Posted by: NatureIsAwesome | September 20, 2010 @ 9:41 am

Northeast Winds Trigger Migration

Click on image to enlarge animation.


Northeast winds seem to have triggered a huge flight last night over northern Florida. Strong winds played a role in pushing these birds out to sea but other birds still traveling in the morning should have landed somewhere along the west coast of the state.
We will post more in a bit.

Nature is Awesome,
Angel & Mariel


  1. My first good western stray of the season turned up late today in the neighborhood: A female Western Tanager.

    Alas, a lack of warblers was balanced by a four-thrush day – Swainson’s, Wood, Gray-cheeked and Veery.

    Bob Duncan

  2. Walking the dogs at 6:45 AM this morning, I heard a few Warbler flight calls and a single Thrush. I couldn’t get out as early as I’d have liked to because of business, but between 11:15 AM and 12:30 I had the following birds in the Mangrove Bay Neighborhood of NE St. Petersburg.

    7) Blue-gray Gnatcatcher
    1) White-eyed Vireo
    1) Yellow-throated Vireo
    1) Red-eyed Vireo
    1) Tennessee Warbler
    1) Northern Parula
    3) Yellow Warbler
    1) Blackburnian Warbler
    5) Yellow-throated Warbler
    4) Prairie Warbler
    9) Palm Warbler
    6) Black-and-White Warbler
    1) Northern Waterthrush
    1) Common Yellowthroat
    1) Canada Warbler
    1) Baltimore Oriole

    Don Margeson

  3. It was an Empidonax bonanza at Manatee Springs State Park on the lower Suwannee Saturday evening and Sunday morning, with numerous calling Acadian Flycatchers around the springs and in the woods, and at least two well-seen Yellow-bellied Flycatchers (yellow throat, white wingbars, stubby bill with brighter colored lower mandible) near the springs. One of the latter was also calling, with a one-note call rather similar to the Acadians, so beware. To complete the tyrannid invasion, a couple of Great Crested Flycatchers and an Eastern Wood-Pewee were seen or heard near the Magnolia campground.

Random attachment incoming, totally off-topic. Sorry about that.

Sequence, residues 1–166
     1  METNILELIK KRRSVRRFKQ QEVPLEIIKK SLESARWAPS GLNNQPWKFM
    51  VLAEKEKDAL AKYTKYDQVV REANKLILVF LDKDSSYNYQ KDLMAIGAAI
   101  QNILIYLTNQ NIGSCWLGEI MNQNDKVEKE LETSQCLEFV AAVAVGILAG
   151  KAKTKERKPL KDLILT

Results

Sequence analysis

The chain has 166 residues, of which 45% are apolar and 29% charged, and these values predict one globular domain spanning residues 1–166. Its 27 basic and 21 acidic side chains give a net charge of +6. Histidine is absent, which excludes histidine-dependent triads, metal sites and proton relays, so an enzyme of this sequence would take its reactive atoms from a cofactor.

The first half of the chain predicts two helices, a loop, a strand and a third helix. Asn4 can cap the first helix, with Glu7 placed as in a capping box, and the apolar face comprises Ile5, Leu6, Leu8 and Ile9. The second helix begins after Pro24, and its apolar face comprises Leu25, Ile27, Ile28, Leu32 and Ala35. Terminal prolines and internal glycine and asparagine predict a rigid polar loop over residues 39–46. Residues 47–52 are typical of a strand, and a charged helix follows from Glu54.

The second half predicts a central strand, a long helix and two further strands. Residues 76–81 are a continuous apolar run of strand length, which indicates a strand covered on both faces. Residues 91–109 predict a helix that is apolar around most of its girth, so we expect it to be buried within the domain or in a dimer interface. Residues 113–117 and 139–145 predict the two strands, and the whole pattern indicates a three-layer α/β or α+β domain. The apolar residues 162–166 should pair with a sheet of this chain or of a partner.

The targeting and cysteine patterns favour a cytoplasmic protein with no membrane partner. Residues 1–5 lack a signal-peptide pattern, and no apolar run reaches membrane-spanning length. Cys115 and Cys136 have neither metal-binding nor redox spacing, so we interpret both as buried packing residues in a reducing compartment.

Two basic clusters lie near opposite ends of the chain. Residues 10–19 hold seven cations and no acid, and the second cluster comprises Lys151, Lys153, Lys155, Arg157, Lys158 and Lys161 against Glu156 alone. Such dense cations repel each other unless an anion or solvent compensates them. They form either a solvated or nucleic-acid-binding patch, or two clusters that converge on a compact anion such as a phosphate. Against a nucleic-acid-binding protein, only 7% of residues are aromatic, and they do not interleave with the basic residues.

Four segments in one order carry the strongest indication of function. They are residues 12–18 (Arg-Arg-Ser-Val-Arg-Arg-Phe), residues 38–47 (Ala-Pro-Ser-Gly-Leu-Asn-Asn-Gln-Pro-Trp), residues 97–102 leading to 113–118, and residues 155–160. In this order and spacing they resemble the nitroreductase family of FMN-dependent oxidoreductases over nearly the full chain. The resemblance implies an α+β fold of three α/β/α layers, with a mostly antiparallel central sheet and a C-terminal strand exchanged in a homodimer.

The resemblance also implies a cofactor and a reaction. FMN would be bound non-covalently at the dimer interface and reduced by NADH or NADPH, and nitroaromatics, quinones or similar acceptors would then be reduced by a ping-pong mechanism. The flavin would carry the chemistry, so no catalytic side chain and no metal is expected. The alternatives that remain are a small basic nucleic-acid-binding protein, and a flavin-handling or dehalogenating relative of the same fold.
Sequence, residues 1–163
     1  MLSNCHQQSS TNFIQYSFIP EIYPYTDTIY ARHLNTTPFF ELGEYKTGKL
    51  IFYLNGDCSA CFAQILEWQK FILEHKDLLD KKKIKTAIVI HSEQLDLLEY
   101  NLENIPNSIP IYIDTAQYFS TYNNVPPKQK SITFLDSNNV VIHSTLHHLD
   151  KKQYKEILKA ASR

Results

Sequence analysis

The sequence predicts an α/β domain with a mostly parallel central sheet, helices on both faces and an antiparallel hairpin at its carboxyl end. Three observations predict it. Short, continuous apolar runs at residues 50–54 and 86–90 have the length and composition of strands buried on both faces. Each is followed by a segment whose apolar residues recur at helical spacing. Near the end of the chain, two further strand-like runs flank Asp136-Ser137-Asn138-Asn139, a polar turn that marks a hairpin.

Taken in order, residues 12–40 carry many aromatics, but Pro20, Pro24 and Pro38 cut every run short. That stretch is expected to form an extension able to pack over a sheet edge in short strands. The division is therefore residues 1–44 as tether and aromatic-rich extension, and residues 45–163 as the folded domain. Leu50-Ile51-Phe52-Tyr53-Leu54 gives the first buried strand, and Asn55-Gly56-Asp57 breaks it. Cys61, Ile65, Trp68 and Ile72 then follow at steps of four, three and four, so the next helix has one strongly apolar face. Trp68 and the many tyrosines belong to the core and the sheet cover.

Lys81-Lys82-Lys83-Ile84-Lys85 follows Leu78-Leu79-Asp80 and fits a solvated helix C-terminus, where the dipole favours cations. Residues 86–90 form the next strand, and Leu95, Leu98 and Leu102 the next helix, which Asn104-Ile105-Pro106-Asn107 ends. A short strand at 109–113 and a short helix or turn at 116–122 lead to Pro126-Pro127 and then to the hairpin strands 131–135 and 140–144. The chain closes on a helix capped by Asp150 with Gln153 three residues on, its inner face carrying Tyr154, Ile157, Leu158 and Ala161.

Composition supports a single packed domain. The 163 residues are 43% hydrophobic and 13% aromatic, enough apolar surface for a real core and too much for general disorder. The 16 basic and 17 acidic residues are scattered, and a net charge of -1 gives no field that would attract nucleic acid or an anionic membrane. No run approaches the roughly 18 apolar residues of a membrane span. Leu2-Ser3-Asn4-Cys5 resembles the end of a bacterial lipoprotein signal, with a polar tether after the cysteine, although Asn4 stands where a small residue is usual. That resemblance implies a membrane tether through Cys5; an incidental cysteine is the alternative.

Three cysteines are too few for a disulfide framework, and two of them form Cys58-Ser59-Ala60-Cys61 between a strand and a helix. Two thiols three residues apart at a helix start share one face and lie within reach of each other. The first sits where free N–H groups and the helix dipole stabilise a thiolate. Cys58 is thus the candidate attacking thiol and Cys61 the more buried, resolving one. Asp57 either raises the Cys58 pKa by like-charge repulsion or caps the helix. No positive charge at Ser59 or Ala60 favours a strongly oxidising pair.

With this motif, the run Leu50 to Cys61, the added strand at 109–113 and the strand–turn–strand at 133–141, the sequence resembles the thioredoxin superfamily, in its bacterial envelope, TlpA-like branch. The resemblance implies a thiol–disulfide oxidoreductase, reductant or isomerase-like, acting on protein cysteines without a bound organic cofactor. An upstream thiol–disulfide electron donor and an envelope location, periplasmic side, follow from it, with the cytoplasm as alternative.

On the Sink Trail were 2 Veeries, a Swainson’s Thrush, 2-3 Hooded Warblers, 2 Ovenbirds (1 singing), an American Redstart, and numerous, singing Northern Parulas.

    A quick look at Cedar Key on Sunday afternoon found 2 Roseate Spoonbills actively foraging in the marsh very near the road (Hwy 24).

    Brad Bergstrom
    Margaret Harper

  4. Led by Jerry Krummrich, a small but efficient task force of 4 took on surveying Hamilton county on Saturday. One of the best days I’ve had in the field in years. Jerry has the official list, but my rough count was about 80 species, including 15 species of warbler.
    Black-crowned Night-Heron – only a handful. Not as many as we see in November.
    Least Bittern (1)
    Blue-winged Teal – roughly 200!
    Ruddy Duck – one male in striking breeding plumage
    Cooper’s Hawk (1)
    Broad-winged Hawk (2)
    Black-necked Stilts – about 6
    Lesser Yellowlegs – almost too many to count
    Pectoral Sandpiper – (2)
    E W Pewee – several
    Acadian Flycatcher – several, all silent
    Gray Catbird – first of season for me
    Veery – several
    Blue-winged Warbler
    Black & White
    N Waterthrush
    Common Yellowthroat

    Dotty Robbins

  5. Highlights yesterday with Jim McKay

    Am. White Pelican 80+ CK
    King Rail 1 LS
    Whimbrel 1 CK
    White-rumped Sandpiper 1 CK, flyby
    Am. Oystercatcher 30 CK
    Caspian Tern 1 CK,adult
    Black-billed Cuckoo 1 LS
    E. Wood Pewee 1 LS
    Acadian Flycatcher 2 LS calling and singing
    Least Flycatcher 2 LS calling and singing
    Yellow-bellied Flycatcher 1 LS calling
    Eastern Kingbird 12 CK
    Brown-headed Nuthatch 1 LS. 2.2 miles from North entrance
    Swainson’s Thrush 1 LS
    Nashville Warbler 1 LS, female
    House Finch 2 CK, cemetery

    The pewee and empids were all found along the 9 mile drive

    Murray Gardler


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